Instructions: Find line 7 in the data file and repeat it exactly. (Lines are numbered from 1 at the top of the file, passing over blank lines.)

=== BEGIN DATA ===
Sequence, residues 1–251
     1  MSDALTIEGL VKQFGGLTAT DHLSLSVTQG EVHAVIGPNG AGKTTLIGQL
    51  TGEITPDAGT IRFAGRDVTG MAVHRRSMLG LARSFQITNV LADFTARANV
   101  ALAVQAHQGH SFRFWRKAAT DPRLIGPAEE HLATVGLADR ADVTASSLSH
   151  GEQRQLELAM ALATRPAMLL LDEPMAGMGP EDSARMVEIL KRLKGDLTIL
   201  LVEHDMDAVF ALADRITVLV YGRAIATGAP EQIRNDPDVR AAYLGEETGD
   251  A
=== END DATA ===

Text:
   251  A